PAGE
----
Quantification of Coastal Change and Preliminary Sediment Budget Calculation Using SfM Photogrammetry and Archival Aerial Imagery
A preliminary sediment budget for the sandy shores flanking the entrance to Western Port, a large bay in Australia, was formulated using a comparison between two Digital Surface Models (DSMs) with a 30-year interval and auxiliary shoreline data. The 1977 DSM was generated from ten aerial photographs using Structure-from-Motion (SfM) photogrammetry. Assessment of its accuracy obtained an RMSE of 0.48 m with most of the independent points overpredicting or underpredicting elevations by less than 0.5 m following manual point cloud cleaning. This technique created a 7.5 km2 surface with a Ground Sampling Distance of 34.3 cm between two coastal towns separated by a narrow channel. Comparison of the 1977 DSM to a second, light detection and ranging (LiDAR)-derived DSM from 2007 showed that a volume of ~200,000 m3 of sediment (above Mean Sea Level) was deposited at Newhaven Beach on Phillip Island, while, during the same period, ~40,000 m3 of sediment was lost from the mainland beaches of San Remo, on the eastern side of the channel. Shoreline positions extracted from aerial photographs taken in 1960 and a nautical chart published one century earlier indicate that the progradation experienced at Newhaven Beach has been possible due to provision of sediment via destabilisation of the vegetation covering the updrift Woolamai isthmus on the southeast coast of Phillip Island, whereas the retreat observed at San Remo Beach since 1960 can be attributed to the natural dynamics of the entrance, which appears to favour flood-dominance on the western side and ebb-dominance on the eastern side. While a more comprehensive balance of volumes entering and exiting the area would specifically benefit from volumetric assessments of the subaqueous part of the entrance, the general usefulness of quantifying coastal change using SfM and historical photographs is demonstrated.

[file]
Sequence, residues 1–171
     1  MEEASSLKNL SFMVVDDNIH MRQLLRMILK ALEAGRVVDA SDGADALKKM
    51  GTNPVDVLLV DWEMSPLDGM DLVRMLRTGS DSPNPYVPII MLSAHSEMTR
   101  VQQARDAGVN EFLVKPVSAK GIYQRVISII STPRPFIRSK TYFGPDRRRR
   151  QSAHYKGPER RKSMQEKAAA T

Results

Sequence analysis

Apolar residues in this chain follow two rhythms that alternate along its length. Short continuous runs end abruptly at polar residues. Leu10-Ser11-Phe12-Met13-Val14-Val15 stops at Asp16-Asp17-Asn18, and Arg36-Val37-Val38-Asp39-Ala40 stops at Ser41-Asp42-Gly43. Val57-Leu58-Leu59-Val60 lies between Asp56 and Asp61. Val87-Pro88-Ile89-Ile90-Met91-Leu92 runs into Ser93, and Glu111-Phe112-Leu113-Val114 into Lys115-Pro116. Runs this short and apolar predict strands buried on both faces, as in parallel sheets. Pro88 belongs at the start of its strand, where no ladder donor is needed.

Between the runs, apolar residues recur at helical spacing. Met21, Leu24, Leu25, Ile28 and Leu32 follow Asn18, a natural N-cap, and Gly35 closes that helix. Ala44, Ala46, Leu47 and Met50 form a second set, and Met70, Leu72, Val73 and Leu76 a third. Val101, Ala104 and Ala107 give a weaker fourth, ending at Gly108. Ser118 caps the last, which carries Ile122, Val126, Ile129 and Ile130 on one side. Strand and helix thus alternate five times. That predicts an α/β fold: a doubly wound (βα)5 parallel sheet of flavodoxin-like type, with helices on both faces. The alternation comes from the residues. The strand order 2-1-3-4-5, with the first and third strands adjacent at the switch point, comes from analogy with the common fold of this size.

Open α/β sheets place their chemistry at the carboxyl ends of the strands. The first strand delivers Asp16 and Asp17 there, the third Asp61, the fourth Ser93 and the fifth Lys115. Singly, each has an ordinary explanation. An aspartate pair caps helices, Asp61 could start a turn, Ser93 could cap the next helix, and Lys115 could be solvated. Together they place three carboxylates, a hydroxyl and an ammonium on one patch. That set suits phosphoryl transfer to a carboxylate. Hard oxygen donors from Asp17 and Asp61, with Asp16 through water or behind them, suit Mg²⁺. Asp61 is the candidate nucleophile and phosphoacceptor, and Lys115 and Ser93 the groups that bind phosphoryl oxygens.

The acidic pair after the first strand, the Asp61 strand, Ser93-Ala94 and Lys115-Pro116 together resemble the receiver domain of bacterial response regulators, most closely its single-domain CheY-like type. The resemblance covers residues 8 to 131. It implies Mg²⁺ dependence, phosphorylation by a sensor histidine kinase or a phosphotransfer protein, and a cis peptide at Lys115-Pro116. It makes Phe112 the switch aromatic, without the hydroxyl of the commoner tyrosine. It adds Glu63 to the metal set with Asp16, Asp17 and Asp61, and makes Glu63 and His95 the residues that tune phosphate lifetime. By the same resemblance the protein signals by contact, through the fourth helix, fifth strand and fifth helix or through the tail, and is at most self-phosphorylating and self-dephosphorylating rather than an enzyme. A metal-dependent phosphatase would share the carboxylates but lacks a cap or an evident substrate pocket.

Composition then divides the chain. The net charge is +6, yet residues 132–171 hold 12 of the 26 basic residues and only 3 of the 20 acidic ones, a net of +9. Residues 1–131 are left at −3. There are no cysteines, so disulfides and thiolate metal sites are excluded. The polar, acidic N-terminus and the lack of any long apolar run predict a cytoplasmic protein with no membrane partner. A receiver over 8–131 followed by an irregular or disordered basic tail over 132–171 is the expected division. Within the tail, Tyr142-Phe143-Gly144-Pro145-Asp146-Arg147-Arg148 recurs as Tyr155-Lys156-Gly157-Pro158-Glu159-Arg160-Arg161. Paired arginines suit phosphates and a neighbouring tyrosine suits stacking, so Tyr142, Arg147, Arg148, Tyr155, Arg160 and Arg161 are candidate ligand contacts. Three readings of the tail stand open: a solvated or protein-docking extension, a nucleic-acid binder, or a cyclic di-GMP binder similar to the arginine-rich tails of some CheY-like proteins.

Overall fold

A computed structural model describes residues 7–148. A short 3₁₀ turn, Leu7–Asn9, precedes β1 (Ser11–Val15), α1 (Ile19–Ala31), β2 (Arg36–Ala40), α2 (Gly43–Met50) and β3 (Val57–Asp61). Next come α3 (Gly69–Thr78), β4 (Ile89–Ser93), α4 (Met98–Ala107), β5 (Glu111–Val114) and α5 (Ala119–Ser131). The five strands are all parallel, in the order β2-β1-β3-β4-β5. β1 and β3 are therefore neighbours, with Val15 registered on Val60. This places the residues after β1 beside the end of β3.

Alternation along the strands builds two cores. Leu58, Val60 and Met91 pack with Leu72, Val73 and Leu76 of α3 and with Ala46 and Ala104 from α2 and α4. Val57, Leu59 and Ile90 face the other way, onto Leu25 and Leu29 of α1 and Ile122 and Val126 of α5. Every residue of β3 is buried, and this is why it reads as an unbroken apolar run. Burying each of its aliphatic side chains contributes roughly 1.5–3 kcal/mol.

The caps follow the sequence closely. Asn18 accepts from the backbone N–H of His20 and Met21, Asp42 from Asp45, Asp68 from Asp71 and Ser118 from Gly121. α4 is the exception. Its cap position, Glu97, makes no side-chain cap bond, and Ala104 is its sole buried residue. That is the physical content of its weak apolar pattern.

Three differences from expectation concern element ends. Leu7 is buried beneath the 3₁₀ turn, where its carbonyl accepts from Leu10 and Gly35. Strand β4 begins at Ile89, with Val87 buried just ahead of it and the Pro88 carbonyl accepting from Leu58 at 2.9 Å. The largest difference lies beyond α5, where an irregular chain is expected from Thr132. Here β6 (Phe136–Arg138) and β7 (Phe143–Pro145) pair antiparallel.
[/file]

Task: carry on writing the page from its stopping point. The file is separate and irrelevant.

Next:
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Australian Research Council